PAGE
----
Regional Real Estate Industry is Ripe for M&A, says A.T. Kearney
A.T. Kearney, a global strategic management firm says that many companies emerge more careful in their expansion strategies after the economic crisis. However, companies that look to take advantage of the current situation by orches¬trating “game changing” initiatives; such as mergers and acquisitions are best positioned to emerge as winners when the upswing arrives. Several MENA real estate developers are, according to A.T. Kearney, favorably positioned to use acquisitions as a lever for future growth and competitiveness.
Statistics show how the crisis has resulted in careful expansion plans globally as M&A deals have declined dramatically. The value of deals globally fell from $3.7 trillion in 2007 to $2.3 trillion in 2008, a staggering 38 percent decline. Statistics for the first half of 2009 show a 35 percent decline to $1.14 trillion. Simultaneously however the global value of publicly listed companies has in general been slashed; leaving ample opportunities for forward looking companies with solid balance sheets to consider acquiring under-valued assets or corporations. M&A activity has already showed signs of recovery across sectors in Q1 2010.
“Clearly, M&A is not the right strategy for all real estate players in the region. For players purely seeking local growth, asset acquisition from distressed developers may make more sense than corporate M&A, but to become a leading regional or international player now is as good a time as any to consider M&As as part of the strategy” said Olivier Laroche, manager Real Estate Practice, A.T. Kearney Middle East.
It is inevitable that the currently fragmented real estate industry in the Middle East will need to become more concentrated to secure long term competitiveness. In comparable markets internationally, A.T. Kearney has found that the 3-4 biggest developers represent more than 70 percent of the market, whereas in the Middle East clear regional champions still have to emerge. Consolidation in a country like Singapore with a more mature real estate market has seen consolidation increase in the past decade. Singaporean CapitaLand has been a driving force in the market consolidation by executing 11 major acquisitions between 2002 and 2009.
“Winning companies in the Middle East will be those that are well positioned to take advantage of M&A opportunities in light of a broader growth strategy. It’s a buyer’s market, and companies that act now are likely to emerge as winners when the upswing arrives” commented Dan Starta, managing director and partner, A.T. Kearney Middle East.
A.T. Kearney research of M&As highlights that only 29 percent of all mergers create value. To create value companies must firstly merge for the right reasons. For regional real estate developers these reasons should enforce the strategic direction of the company, i.e. seek to consolidate the industry and gain market share, acquire trained workforce, new capabilities and know-how, strengthen local competitive advan¬tage, diversify in new lines of business as well as expand geographic reach and coverage to capitalize on an improving economy.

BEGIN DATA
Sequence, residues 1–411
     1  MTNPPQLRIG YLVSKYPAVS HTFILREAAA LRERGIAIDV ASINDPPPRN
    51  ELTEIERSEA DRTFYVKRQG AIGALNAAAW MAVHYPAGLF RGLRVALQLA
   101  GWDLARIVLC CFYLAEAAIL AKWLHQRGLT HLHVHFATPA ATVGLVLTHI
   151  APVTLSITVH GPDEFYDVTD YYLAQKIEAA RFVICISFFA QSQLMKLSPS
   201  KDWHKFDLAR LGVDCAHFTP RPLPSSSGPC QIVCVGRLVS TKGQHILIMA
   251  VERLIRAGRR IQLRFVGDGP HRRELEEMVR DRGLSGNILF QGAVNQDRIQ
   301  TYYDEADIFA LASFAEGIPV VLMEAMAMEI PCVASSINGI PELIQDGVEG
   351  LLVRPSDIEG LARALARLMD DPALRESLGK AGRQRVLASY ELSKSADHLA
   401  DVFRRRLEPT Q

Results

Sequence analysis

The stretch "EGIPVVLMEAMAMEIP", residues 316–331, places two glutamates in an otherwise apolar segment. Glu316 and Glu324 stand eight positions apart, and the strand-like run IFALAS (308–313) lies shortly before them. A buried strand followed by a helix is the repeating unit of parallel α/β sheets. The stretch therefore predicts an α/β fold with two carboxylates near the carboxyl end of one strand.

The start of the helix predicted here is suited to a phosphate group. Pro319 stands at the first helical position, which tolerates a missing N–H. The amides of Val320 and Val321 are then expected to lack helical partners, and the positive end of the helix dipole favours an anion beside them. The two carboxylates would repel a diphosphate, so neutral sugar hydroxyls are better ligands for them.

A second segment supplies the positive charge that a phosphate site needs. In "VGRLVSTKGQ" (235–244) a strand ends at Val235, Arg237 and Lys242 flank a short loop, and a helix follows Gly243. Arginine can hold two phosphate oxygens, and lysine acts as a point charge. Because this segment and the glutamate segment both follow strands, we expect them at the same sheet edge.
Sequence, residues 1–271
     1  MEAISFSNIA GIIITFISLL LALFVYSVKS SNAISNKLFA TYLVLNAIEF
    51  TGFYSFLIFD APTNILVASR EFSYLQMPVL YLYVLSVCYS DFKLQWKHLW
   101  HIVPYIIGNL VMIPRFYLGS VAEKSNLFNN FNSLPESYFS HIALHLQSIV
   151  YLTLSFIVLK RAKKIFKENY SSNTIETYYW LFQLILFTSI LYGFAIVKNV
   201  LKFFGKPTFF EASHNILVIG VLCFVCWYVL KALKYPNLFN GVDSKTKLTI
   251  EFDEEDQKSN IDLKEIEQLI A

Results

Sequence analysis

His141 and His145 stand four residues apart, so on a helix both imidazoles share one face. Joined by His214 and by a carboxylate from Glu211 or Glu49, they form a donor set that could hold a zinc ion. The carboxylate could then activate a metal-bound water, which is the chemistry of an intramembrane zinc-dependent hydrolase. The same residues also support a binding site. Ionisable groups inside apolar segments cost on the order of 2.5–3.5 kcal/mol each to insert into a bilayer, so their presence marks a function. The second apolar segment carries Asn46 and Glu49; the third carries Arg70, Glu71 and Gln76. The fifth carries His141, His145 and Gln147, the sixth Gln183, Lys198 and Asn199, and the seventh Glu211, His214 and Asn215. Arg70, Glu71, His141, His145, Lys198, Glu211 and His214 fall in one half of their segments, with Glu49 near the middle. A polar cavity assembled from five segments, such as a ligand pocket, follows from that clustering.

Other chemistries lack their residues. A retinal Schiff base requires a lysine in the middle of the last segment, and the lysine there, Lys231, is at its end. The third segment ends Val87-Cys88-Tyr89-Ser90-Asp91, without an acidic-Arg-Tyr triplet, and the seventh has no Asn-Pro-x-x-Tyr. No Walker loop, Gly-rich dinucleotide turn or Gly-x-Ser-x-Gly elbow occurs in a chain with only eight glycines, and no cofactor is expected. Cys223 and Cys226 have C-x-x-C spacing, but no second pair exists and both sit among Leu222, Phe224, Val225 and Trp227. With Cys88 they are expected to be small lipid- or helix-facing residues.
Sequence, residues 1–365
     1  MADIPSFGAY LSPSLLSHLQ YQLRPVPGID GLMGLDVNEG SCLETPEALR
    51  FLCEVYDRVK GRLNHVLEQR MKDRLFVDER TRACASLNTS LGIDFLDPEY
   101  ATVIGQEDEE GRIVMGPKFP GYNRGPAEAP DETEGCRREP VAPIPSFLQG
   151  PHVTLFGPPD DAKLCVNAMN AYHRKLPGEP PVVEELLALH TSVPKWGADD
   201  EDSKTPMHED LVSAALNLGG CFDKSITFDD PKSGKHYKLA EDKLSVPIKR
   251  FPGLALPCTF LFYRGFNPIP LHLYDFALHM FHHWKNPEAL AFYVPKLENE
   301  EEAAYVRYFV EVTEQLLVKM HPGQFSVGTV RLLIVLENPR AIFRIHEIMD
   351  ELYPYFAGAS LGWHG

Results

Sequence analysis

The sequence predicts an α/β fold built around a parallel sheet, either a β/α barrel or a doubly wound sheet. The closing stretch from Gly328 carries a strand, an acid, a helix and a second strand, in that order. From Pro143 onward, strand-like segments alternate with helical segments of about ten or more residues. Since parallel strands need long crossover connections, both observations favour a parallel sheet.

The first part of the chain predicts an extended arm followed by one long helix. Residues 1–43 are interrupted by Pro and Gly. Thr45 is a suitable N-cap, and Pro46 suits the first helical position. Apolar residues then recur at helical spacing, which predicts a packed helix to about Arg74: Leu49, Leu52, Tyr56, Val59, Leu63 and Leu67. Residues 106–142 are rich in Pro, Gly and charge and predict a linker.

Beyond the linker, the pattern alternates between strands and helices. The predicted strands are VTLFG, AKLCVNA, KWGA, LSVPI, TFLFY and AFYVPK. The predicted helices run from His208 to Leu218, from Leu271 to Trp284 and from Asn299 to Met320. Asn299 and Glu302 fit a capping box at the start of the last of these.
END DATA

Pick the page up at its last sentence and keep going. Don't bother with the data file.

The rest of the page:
Secondly it is important for companies to consider the size of the deal to realize the expected value. Across industries, it is according to A.T. Kearney becoming increas¬ingly popular to acquire medium or smaller-sized firms, which are more easily integrated into operations and over time support organic growth. The regional real estate industry fits well with the model of small to medium sized M&A opportunities.
Recent A.T. Kearney research has found that several GCC developers are well placed to take advantage of the current situation. The analysis identifies several listed developers that seem well placed to make some aggressive moves. Emaar and to a lesser extent Deyaar and Sorouh are among those in the UAE. Within MENA, Saudi-based Dar Al Arkan and Al Akaria, Qatari-based Ezdan Real Estate, Kuwait-based Al-Mazaya, and Morocco-based CGI are all positioned to play a leading role in the consolidation process.
“It is a buyer’s market and those developers who manage to pick up the right deals and realize the full business potential from these deals will change the game of real estate developments and emerge as winners. Now is as good a time as any for deal making,” concluded Olivier Laroche, manager Real Estate Practice, A.T. Kearney Middle East.
- The Kingdom will sure 'look different' by 2030: Saudi Arabia has 80 mega-projects up its sleeve
- Too pricey? MENA property hikes are off-putting for new buyers
- Fleeing war? UAE is the safe haven: Dubai property market is safe and secure according to a top banker
- CEO of the UAE's top developer, MAF Properties talks money and retail
- The top five mistakes committed by real estate agents
- US consultancy firm forms strategic alliance with Executive Consultants
- Is growth in Abu Dhabi’s real estate market sustainable?
- The UAE deemed the 14th best place in the world to invest
- Mergers and acquisitions built around companies’ distinctive strengths
- Major real estate fund established by AIG and Istithmar JV